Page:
Investment analysis

There many methods to anayze investments. Here are a few:

Techniques which ignore the time value of money

Payback time

The payback time is the time needed to generate incoming cash flows equal to the amount of the initital investment. The advantage of the payback time method is that is very easy to apply. It is often used by companies where liquidity is an issue, and who therefore prefer investments who are earned back quickly.  If two projects with equal investments have different pay back times, the project with the shortest payback time is preferred. In many cases, this is reasonable, because projects with earnings in the long term are surrounded with higher risk than projects with earnings in the shorter term. However, the payback time method has many disadvantages, of which ignoring the time-value of money is the most important one. This can lead to wrong prioritization of investement projects.

Accrual accounting rate of return

The accrual accounting rate of return is calculated by dividing the average yearly profit by the required average investment. It is based on the notion of Return on Investment (RoI). Of course, only revenues and costs are included that direclty relate to the investment. The time considered is the life-time of the investment. Although the accrual accounting rate of return is better than the payback time method because it considers the life-time of the investments, it still does no account for the time-value of money.

Techniques which address the time value of money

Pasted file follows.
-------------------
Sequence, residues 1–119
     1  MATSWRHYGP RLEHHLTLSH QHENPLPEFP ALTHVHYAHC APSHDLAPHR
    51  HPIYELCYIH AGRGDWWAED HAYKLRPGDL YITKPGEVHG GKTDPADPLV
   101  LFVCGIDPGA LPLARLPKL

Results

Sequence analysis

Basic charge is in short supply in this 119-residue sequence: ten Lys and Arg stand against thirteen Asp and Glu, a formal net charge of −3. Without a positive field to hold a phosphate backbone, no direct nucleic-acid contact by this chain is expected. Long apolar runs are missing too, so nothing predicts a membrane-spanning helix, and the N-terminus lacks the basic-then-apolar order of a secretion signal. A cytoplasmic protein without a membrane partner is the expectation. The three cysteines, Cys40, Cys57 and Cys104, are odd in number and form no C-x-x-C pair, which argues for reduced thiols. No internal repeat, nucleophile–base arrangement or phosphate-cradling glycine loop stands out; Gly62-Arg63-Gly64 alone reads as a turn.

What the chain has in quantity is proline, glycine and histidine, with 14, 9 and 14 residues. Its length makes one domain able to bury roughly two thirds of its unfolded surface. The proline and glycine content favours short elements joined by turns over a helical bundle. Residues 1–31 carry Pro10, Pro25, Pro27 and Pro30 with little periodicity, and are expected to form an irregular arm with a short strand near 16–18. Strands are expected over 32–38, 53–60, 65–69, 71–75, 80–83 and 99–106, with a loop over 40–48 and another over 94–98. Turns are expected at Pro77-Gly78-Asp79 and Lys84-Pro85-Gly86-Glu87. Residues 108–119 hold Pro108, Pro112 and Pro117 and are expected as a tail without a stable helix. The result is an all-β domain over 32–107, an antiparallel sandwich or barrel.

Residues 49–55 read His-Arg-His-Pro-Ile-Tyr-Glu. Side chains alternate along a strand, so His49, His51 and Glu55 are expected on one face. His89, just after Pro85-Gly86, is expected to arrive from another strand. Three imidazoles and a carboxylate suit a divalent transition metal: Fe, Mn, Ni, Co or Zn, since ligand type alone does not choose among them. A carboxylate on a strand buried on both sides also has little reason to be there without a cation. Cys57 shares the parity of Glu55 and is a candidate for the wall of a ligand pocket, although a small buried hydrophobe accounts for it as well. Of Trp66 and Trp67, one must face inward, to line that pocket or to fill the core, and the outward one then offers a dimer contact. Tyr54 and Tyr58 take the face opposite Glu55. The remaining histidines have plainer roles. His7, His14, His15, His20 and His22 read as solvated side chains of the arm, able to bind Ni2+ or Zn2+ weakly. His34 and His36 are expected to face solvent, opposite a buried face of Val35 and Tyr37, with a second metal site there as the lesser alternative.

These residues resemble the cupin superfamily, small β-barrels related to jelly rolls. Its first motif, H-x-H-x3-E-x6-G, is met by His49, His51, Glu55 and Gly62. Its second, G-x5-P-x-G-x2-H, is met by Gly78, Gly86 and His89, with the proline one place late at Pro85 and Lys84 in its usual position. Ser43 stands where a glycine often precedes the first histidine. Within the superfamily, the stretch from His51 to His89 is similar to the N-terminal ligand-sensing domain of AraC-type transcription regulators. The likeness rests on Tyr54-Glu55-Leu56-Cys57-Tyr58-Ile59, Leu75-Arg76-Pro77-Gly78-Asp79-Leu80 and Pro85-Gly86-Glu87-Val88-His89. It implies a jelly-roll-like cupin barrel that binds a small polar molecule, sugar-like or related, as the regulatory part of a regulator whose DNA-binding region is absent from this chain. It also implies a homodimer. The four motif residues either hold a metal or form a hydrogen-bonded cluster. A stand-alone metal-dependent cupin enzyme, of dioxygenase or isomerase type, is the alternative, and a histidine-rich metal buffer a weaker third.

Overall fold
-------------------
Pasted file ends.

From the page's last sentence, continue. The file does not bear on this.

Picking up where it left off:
Discounted cash flow

The Discounted Cash Flow (DCF) is the method used in the accompanying book. The DCF methods considers all ingoing- and outgoing cash flows related to the investment (including the investment itself). The amounts per contract period (often a year) are discounted by an interest). Usually, the amounts are discounted to year 0, which is the year of the initial investment. By doing do so, the amounts of the contract periods become comparable by taking into the acount the time value of money. An important choice while applying the DCF method is the selection of the interest rate, also called the Required Rate of Return (RRR), or the hurdle rate. The rule of thumb is: the higher the rate, the higher the risk of the investment. The rate should be at least as high as the interest associated with risk-free investments (e.g. state bonds). The DCF calculated should therefore be seen as the reward the invester receives for the additional risk (reflected by the RRR) in comparison to a risk-free investment.

Internal Investment Rate

The Internal Investment Rate (IRR) is the complement of DCF. It calcules the interest rate when all cash flows that occur during the life time of the investment are equal to 0 (of course all the cash flows are discounted). The IRR calculated should be higher than the interest rate of risks-free investements.